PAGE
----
Similarly a syringe recall was recently completed by Hopkins staff. A few weeks later the “same” syringe was still causing problems. The first question from administration was “Why is the product still on the shelves when it was already recalled?” Within 2 minutes we had our answer. By searching in the system and comparing that recall notice to the syringe packaging, it was identified that the defective product was not of the same batch that was recalled. This enabled Hopkins to proactively contact the manufacturer and make them aware that they needed to expand their recall. Alert management staff were comforted by the assurance that they could rapidly demonstrate that they had, in fact, taken all appropriate actions for the previous recall and they had identified the new issue.
Submitting Recall Notices
The ability to submit manufacturer notices directly into the system has ensured that all actions and records are maintained in a single system. When other institutions submit alerts that they’ve received when they receive them, all subscribers become immediately aware of the alert — potentially weeks before they receive their own recall notice, if it gets to them at all. One company, for example, recently alerted a Hopkins otolaryngologist about a problem with a product. The physician immediately sent the letter to the risk management office. The alert was uploaded through the service thus becoming immediately available to Hopkins and all other subscribing hospitals to manage accordingly. The recall didn’t appear on the FDA’s enforcement report until two months later. This feature, had it existed at the time of the bronchoscope recall, may have served to minimize what turned out to be a disastrous outcome for both the patients and for Johns Hopkins.
To further reduce the risk of this type of incident from occurring, Hopkins instituted a policy that all new contracts with product manufacturers requires them to send recall notices directly to the risk management office for submission to the service.
Over the past 2 years, Johns Hopkins has been involved in the development, testing, and implementation of this new Web-based system for the collection, distribution, and management of alerts and recalls for defective products. With the Hopkins Hospital as the lead, we’ve successfully rolled the service out to all of the hospitals, clinics, and outpatient centers in our system. We believe we have achieved significant improvements in terms of ensuring capture of alert notices, as well as reducing our administrative burden associated with management of this process. We continue to refine our processes through the use of reports and tools such as escalation process and the ability to create our own alert notices. We have seen dramatic reductions in the time that it takes us to complete all required actions. However the most satisfying aspect to the introduction of the system is that we have clearly demonstrated dramatic improvements in the quality of care that we provide our patients by ensuring that they are not exposed to defective products. We have learned from the experience of trying to manage the defective and missed bronchoscope alert, and we will now do everything in our power to ensure that it doesn’t happen again.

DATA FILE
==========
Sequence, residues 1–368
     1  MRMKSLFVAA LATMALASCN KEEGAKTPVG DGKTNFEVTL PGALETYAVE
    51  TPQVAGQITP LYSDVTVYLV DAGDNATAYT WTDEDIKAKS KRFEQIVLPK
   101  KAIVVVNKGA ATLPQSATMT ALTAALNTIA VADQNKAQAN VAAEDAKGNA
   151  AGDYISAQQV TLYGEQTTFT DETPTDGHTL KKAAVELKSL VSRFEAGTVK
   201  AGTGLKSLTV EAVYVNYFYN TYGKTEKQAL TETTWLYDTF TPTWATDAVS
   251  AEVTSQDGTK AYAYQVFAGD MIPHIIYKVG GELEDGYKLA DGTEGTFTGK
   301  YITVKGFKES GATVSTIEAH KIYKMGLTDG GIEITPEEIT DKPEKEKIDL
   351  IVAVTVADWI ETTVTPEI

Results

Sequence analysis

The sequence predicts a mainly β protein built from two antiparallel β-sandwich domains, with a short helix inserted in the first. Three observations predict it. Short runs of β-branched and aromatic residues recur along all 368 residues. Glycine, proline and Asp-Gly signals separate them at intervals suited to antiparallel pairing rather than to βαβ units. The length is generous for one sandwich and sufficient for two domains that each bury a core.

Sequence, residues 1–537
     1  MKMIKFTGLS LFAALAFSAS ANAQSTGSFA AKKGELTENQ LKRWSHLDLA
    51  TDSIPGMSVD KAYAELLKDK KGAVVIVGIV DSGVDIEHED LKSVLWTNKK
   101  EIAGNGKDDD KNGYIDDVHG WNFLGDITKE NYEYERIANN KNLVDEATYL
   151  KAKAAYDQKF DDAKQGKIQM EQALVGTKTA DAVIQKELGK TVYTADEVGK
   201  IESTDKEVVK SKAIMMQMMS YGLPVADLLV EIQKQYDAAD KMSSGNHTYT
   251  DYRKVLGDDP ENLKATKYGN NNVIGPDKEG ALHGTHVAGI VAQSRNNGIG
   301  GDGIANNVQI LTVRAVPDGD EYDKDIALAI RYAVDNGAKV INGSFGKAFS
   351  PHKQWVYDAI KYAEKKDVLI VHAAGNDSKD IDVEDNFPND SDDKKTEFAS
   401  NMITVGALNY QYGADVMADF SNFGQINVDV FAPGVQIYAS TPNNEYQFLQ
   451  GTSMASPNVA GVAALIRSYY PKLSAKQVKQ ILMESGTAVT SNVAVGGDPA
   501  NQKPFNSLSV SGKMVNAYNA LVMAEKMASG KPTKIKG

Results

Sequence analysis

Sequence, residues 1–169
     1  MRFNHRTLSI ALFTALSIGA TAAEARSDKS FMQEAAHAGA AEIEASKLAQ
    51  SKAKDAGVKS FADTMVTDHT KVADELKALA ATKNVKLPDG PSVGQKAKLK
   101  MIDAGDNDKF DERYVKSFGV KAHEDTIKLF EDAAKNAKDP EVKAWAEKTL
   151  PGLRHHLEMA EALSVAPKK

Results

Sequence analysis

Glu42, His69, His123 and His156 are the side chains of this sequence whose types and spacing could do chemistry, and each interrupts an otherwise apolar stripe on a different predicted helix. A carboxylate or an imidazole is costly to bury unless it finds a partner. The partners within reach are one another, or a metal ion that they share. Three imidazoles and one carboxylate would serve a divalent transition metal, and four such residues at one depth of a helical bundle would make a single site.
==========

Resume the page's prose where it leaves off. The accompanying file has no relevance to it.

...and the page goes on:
Peter Pronovost is the medical director of the Center for Innovation in Quality Patient Care and an assistant professor in the Department of Anesthesiology/Critical Care Medicine at Johns Hopkins University’s School of Medicine. Pronovost’s special interest is applying clinical research methods that improve quality of healthcare and safety. Within the Johns Hopkins community he co-chairs the Patient Safety Committee and serves on the Johns Hopkins Health System’s Performance Improvement Council and Leadership Development Program, and is core faculty for the Program for Medical Technology and Practice Assessment. On a national level, Dr. Pronovost is an active member of the National Coalition on Health Care and is the medical advisor for the Leapfrog Group for patient safety.